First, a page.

The other day I found a book laying around the house: 1001 Paintings You Must See Before You Die. I can just picture the author taking his last Earthly gasp and uttering “Darn! I’m missing a couple of Tintorettos.”
Being neither an artist nor an academic might explain why I don’t own any books like that. It might also explain why I don’t own an Apple computer. At least that’s a theory I’ve been working on for some time, that Apple computers are made for artists and academics.
So I decided to set out to prove it or refute it, and here is what I found.
First of all, Apple computer users love their machines! Whereas PC users talk about computer equipment in a very pedestrian way – sort of like how you’d talk about a seatbelt – Apple users get very animated about their computers. They take huge pride in the equipment they own, sort of like owning designer sunglasses or a fancy car.
I used to think Costco customers were loyal but they have nothing on Apple customers. (Hey, just imagine someone going to Costco to buy Apple equipment. What a happy, happy person that would be!)
Owning nether designer sunglasses, a fancy car nor a Macintosh computer, I took it upon myself to find out what is it about this gear that gets people so excited, and I put the word out that I was seeking some input on this topic.
Offers immediately started coming in and in fact I had to start turning people down. Imagine lining up to tell someone how much you love your computer. That is what happened.
Just to be clear, we’re not talking iPhones and iPads here – we all know those are cool. We’re talking desktop and laptop computers.
And I certainly did notice that the people who came forward are usually involved in something artistic, like graphics design, and are either in or just out of university.
The next thing I found out is that they are no longer called “Macintosh computers”; they are “iMacs” and “Macbooks”, or generically “Macs”. You don’t have to say they are computers any more than you’d have to tell people you own a “Porsche car”. If the person at the other end doesn’t know what you’re talking about, well, maybe that’s not your problem.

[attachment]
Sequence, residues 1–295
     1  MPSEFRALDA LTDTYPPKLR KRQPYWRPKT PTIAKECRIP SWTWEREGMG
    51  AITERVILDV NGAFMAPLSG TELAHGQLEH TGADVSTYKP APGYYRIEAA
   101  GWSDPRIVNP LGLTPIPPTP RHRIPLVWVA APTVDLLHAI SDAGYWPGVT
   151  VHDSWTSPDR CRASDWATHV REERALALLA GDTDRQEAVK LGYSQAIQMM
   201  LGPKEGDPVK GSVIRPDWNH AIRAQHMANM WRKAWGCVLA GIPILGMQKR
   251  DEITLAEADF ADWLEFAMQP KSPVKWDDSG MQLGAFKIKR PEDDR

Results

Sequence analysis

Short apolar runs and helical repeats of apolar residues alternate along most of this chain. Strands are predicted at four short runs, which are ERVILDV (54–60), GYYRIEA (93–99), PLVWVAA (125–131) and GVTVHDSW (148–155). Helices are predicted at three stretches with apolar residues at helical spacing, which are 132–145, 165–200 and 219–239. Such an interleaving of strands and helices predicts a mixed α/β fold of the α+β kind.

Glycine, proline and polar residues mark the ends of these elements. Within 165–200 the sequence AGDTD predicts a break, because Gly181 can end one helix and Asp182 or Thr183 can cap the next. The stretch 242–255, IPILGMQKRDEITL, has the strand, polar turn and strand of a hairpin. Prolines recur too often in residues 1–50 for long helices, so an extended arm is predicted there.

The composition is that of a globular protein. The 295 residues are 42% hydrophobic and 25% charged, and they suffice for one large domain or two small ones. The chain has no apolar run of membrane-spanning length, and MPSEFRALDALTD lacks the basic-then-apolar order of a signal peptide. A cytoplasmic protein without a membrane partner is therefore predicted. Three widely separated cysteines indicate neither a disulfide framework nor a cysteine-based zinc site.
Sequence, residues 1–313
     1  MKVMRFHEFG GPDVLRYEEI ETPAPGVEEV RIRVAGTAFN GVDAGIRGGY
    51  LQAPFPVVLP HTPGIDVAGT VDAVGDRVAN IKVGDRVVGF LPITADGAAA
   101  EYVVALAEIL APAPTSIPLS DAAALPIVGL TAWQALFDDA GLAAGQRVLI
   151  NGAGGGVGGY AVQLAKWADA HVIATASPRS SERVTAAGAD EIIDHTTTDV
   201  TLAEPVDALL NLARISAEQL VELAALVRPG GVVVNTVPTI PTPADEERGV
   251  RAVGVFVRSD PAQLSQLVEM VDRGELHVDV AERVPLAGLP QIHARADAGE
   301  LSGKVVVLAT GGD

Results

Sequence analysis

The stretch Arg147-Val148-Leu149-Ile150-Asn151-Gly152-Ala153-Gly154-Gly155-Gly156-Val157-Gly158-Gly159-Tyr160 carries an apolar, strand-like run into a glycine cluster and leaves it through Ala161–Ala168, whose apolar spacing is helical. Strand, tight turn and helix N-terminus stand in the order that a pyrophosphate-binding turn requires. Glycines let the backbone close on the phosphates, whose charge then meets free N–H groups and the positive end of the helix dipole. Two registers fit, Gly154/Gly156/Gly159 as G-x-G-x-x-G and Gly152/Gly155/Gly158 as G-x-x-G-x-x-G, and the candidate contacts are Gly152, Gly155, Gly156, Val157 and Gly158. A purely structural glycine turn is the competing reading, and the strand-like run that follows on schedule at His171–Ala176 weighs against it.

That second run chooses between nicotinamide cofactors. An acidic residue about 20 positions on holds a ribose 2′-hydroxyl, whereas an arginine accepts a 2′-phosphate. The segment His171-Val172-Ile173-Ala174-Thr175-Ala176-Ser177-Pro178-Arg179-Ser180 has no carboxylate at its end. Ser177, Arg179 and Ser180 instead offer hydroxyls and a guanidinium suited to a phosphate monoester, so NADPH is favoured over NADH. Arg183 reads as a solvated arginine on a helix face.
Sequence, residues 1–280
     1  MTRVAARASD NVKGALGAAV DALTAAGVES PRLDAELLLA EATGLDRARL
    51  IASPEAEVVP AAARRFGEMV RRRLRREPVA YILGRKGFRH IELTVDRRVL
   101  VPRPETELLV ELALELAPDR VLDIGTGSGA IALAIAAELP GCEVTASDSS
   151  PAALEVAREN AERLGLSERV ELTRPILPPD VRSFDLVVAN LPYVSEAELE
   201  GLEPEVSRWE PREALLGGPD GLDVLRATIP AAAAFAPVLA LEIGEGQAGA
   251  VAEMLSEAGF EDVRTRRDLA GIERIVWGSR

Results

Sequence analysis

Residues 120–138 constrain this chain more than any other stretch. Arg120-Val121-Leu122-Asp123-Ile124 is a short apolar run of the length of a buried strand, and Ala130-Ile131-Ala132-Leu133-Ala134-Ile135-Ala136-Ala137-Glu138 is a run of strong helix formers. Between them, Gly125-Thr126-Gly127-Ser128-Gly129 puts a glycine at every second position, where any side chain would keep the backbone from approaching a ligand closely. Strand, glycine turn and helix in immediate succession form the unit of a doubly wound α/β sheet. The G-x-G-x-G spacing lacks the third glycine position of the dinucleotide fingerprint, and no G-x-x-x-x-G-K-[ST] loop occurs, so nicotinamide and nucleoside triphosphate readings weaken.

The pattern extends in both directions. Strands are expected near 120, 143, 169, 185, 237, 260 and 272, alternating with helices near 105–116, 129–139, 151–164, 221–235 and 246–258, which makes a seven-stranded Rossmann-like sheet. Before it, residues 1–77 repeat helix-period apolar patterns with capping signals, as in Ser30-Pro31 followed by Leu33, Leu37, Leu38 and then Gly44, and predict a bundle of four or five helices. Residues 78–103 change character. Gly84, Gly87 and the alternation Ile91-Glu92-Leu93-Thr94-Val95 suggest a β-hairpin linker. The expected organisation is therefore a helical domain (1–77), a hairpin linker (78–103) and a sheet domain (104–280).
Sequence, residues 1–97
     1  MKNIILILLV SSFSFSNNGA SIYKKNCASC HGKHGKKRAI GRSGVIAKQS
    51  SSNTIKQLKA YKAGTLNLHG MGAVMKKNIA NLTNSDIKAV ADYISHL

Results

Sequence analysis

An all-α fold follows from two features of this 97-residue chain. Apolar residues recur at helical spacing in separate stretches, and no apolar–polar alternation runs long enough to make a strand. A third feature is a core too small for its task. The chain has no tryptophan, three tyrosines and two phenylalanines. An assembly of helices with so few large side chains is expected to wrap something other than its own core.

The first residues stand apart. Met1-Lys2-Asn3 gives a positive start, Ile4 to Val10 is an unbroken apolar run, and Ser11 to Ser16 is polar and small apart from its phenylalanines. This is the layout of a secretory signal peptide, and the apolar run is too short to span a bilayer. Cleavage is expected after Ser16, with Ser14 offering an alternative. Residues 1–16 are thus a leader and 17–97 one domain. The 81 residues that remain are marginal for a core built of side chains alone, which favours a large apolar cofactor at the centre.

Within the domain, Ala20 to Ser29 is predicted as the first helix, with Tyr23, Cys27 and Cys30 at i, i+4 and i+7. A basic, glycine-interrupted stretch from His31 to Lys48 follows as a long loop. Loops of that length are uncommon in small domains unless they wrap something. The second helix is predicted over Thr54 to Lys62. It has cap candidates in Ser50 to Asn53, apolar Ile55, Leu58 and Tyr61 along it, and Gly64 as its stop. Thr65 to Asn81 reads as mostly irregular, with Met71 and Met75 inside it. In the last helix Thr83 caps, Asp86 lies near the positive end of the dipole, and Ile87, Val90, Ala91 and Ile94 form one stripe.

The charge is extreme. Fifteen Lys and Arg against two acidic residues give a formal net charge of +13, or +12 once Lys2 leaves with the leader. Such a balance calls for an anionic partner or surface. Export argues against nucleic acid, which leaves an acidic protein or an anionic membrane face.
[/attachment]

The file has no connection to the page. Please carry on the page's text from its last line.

People buy Macs for two reasons: they are cool, and they are reliable. One guy told me he always buys the newest generation of things Apple no matter what the cost. It kind of reminds me of some people in my astronomy club, who I think would go several days without eating just to be able to buy a fancy new eyepiece for their telescope.
Speaking of astronomers, my dark sky buddy John Liddard is a Mac user and I visited him at his office. He explained everything I needed to know about the gear, which ranges from Macbooks to Macbook Pros to the ultrathin Macbook Air.
On the desktop side of things there is the Mac mini, Mac Pro, and iMac. And Apple also sells servers, with their flagship 8-core Xserve being like eight computers in one.
My favorite is the iMac, which just looks like a flat screen monitor, a keyboard and a mouse – no wires and no computer case in sight. All the components – hard drives etc. – are housed in the monitor unit. (Now I’m getting all excited; see how it works?)
Apple also provides its own operating system, and by controlling both hardware and software, it doesn’t have to worry about thousands of third-party offerings, and this helps them control the quality. Also, Mac users don’t seem to worry about viruses quite as much as the rest of us.
But Liddard works for a communications and marketing firm (Colour) and that puts him squarely in the “artist” category, so just to be sure I decided to contact the Halifax Mac Store in downtown Halifax, where Store Manager Jarome Regan tells me they sell the full suite of Mac products. Of these, Macbooks are the main seller but the iPad is surpassing them in sales.
Regan tells me that while Macs were once viewed as the “artist’s computer”, that is starting to change, because of late Macs have been built around Intel central processors, just like their PC counterparts. Regan’s clients come from all industries, many of them running business programs like Microsoft Office on the Mac. On the quality question, in Regan’s words, his customers “don’t have to bring [their computer] in for service every couple of months due to crippling slow performance.”
Why then, doesn’t everybody own Apple computers? For one thing they are more expensive. And apparently they have some way to go in terms of getting entrenched in enterprise-wide applications. Things like SharePoint and large-scale database systems like SQL Server seem to work better with Windows-based PCs according to Liddard. (Although he is quick to add that you can run Windows on Apple gear if you want to.)
Industry trade journal Computerworld recently reported (quoting Gartner and IDC research) that 2009 figures show that Mac sales are behind Hewlett-Packard, Dell, Acer and Toshiba, and steadily losing ground, precisely because these other machines are much less expensive.
So if you want quality and cool and are prepared to pay for it, then Apple certainly seems like a way to go. Am I now going to go out and buy a Mac? I might have to. After all, I want nothing but the best for when I flesh out an idea I’m working on – designer seatbelts.